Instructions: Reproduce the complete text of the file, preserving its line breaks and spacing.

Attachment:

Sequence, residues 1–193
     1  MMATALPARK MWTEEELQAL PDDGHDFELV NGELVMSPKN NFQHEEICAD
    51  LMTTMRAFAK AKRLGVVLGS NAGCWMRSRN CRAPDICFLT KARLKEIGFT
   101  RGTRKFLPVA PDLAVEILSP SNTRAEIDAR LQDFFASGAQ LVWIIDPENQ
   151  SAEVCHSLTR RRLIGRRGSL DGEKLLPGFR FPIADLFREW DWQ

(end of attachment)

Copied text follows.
Sequence, residues 1–193
     1  MMATALPARK MWTEEELQAL PDDGHDFELV NGELVMSPKN NFQHEEICAD
    51  LMTTMRAFAK AKRLGVVLGS NAGCWMRSRN CRAPDICFLT KARLKEIGFT
   101  RGTRKFLPVA PDLAVEILSP SNTRAEIDAR LQDFFASGAQ LVWIIDPENQ
   151  SAEVCHSLTR RRLIGRRGSL DGEKLLPGFR FPIADLFREW DWQ